Achieving greater energy efficiency is easier when you have your whole team on board.
The City of Greater Sudbury has an eye towards a more energy-efficient future for its communities.
The city covers a vast 3,627 square kilometres and across that area, it manages critical infrastructure, including 640 buildings, from long-term care facilities to arenas. It takes a lot to keep it all running – and running efficiently.
So, in 2012, the city hired its first-ever energy manager to monitor energy consumption and help find ways to reduce energy use across its operations. Sajeev Shivshankaran, an energy and facilities engineer, monitors energy consumption at various city buildings and makes recommendations for retrofits.
Over the past five years, the City of Greater Sudbury, with the help of Greater Sudbury Hydro, has saved more than $1.3 million on energy by improving the city's facilities. "We need to make a change today to give a better future [to] our next generation," Shivshankaran says.
"With all projects geared toward energy efficiency, it starts with getting the whole team involved," he says. "Sometimes change can be difficult, but I've found that bringing people together, empowering people – that's the key here."
"I cannot know everything in any plant or any facility," he adds. For him, it's crucial to speak to everyone to understand how they view their facility's operations, their work and potential improvements. Sometimes it requires detective work to figure out why a building is losing energy. That, and navigating change, are much easier when you have buy-in from the entire team.
Sudbury Wastewater Treatment Plant, which treats the lion's share of the city's wastewater, is among the locations to benefit from Greater Sudbury's commitment to conserving energy and running its facilities more efficiently.
Treating the wastewater for the city’s 90,000 residents is an energy-intensive job, with the plant's annual energy bill totalling around $1 million. Finding efficiency began with an energy optimization study of the plant. Shivshankaran arrived, started talking to every level of staff and brought them together to talk about solutions to curb the plants energy use.
In the treatment plant's case, 40 per cent of its energy was being used by aeration blowers, which pump air into the wastewater as part of the treatment process. By upgrading just the blowers, the plant is saving $54,000 annually. In addition, because of Save on Energy incentives, the payback period on this major project is under 10 years.
The aeration process, which breaks down organic matter in the water, accounts for about a third of the energy that a plant like this consumes. In Sudbury's case, that accounted for $300,000 to $400,000 in annual costs. By saving roughly 20 to 25 per cent of that amount, the plant can invest more into other operations and maintenance.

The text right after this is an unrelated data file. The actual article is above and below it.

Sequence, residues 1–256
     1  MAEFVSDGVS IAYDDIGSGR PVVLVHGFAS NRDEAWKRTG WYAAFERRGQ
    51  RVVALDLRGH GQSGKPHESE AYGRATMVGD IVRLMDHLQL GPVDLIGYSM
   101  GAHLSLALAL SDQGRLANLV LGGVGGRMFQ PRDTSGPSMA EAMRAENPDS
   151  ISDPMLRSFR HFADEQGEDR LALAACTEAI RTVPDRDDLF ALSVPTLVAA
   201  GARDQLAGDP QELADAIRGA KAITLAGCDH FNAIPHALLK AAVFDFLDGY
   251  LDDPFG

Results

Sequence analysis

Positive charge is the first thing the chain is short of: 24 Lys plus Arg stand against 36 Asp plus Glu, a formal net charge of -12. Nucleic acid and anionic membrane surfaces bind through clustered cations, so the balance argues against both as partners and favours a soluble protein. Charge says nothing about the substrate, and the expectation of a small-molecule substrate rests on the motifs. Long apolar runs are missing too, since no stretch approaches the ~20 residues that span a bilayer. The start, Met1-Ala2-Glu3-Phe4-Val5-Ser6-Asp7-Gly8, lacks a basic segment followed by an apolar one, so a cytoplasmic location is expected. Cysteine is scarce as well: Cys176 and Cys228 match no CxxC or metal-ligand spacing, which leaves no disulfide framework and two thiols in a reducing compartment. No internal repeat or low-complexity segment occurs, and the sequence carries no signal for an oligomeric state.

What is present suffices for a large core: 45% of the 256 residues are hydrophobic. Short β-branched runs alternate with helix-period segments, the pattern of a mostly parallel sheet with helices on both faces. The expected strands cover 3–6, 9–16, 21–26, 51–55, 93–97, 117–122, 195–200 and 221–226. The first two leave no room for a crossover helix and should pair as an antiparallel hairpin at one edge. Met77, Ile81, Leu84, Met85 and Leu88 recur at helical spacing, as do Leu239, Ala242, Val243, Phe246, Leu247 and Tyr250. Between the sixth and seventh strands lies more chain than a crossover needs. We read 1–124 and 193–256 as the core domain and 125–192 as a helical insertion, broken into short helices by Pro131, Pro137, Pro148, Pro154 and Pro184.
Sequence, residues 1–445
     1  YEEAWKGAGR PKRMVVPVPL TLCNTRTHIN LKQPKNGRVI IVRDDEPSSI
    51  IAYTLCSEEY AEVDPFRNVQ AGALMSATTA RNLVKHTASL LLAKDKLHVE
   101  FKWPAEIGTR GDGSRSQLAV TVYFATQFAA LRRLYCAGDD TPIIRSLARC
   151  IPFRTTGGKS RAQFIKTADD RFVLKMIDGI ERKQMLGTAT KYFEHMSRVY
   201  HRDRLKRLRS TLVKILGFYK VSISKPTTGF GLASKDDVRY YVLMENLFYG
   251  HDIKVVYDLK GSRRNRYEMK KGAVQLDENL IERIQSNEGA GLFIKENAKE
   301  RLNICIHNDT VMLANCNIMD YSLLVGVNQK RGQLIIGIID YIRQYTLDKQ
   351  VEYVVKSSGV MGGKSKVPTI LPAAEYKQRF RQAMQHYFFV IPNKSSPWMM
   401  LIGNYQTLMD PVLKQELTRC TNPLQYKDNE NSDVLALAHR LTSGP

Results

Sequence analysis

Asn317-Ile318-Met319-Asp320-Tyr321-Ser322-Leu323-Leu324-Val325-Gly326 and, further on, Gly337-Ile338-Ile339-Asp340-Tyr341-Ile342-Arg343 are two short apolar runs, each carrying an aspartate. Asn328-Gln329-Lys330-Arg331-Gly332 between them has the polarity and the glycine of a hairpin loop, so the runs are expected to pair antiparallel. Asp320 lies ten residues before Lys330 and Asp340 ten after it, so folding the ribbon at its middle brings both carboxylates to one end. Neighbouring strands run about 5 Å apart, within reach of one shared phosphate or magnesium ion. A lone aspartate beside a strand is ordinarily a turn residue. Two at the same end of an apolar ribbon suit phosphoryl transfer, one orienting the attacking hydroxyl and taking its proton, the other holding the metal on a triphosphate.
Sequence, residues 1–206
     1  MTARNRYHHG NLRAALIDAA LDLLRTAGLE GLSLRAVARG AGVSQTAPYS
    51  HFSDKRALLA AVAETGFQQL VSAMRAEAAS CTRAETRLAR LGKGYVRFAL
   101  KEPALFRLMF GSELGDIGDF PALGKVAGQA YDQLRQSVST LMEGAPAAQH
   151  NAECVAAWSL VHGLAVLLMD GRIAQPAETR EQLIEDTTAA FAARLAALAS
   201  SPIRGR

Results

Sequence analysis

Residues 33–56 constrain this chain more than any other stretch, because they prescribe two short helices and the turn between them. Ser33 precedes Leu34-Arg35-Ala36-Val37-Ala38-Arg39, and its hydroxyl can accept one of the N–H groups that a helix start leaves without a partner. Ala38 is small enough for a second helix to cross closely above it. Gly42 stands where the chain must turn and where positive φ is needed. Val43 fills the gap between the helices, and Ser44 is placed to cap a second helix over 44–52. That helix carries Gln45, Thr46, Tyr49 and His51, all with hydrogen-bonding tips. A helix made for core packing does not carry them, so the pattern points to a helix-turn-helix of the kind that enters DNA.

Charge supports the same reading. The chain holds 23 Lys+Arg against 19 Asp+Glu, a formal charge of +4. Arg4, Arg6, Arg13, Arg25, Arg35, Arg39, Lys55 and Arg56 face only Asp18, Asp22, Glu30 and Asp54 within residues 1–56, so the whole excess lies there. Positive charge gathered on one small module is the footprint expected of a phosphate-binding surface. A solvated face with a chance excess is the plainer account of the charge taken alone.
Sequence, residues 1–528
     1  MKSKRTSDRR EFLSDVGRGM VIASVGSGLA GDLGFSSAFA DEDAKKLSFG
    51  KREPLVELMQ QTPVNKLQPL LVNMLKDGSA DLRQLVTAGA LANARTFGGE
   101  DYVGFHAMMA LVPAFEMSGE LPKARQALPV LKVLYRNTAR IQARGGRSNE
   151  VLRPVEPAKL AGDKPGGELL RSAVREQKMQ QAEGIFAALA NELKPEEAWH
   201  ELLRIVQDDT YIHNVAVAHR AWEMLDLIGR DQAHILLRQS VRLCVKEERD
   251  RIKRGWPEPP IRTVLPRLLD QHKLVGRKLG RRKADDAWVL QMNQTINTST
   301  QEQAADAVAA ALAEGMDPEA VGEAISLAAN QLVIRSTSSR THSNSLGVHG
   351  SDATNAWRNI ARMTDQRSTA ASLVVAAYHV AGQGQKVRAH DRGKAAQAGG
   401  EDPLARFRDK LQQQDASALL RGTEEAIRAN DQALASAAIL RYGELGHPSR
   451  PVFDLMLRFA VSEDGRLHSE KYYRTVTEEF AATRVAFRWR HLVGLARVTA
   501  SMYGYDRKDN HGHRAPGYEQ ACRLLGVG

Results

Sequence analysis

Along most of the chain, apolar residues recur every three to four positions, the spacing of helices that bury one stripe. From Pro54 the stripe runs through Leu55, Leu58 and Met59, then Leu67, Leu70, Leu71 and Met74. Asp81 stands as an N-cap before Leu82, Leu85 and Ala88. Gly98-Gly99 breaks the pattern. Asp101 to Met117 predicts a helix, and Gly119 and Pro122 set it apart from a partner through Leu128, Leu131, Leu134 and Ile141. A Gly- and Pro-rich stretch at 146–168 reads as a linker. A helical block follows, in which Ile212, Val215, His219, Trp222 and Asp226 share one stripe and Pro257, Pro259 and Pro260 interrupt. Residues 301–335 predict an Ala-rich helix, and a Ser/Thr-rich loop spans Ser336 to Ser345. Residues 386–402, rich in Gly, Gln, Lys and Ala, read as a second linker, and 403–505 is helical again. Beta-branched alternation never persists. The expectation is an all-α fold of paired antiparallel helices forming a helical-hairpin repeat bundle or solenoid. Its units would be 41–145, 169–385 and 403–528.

An update to the plant's clarifying process for cleaning water is saving an additional 605,680 kWH per year, with electrical savings of $72,000 annually. The payback on that upgrade is about three years. Meanwhile, the treatment plant also took on what’s known as the Sudbury Rock Tunnel and infrastructure upgrades. That project included an upgrade to the gate at the end of the tunnel. Now, it permits the plant to hold water for up to 16 hours without processing it, saving it for off-peak hours, when electricity costs are lower. That's translated into $13,000 in annual electrical savings.
The existing plant also had to move wastewater from the tunnel up 33 metres to the surface and then pump it again using what were known as intermediate pumps. Capital upgrades in the lift station included newer, energy-efficient pumps and a lengthening of the existing discharge pipes, which made the intermediate pumps obsolete. In total, those upgrades have led to average savings of $200,000 in energy costs, also making the plant more reliable in the event of high flows since there are now fewer points of possible failure.
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Collectively, these changes have been a game-changer for the plant. "We're not only saving energy in the plant, we're saving literally hundreds of thousands of dollars with all these projects," Shivshankaran says.
For both Mike Jensen, the plant's supervisor, and Brad Johns, facilities engineer, getting everyone involved made all the difference. "There had been energy studies done, but the staff weren't as involved," says Johns. That meant that changes put in place weren't necessarily being operated effectively.
Since the Sudbury Wastewater Treatment Plant completed its energy optimization study and made its upgrades with the help of Greater Sudbury Utilities and Save on Energy, several other plants have followed suit.
And, it's just the beginning.
In fact, Shivshankaran says that projects like the Sudbury Wastewater Treatment Plant's retrofit will act as a model for other municipalities. "Each of their facilities has a great potential to leave a better future for the next generation."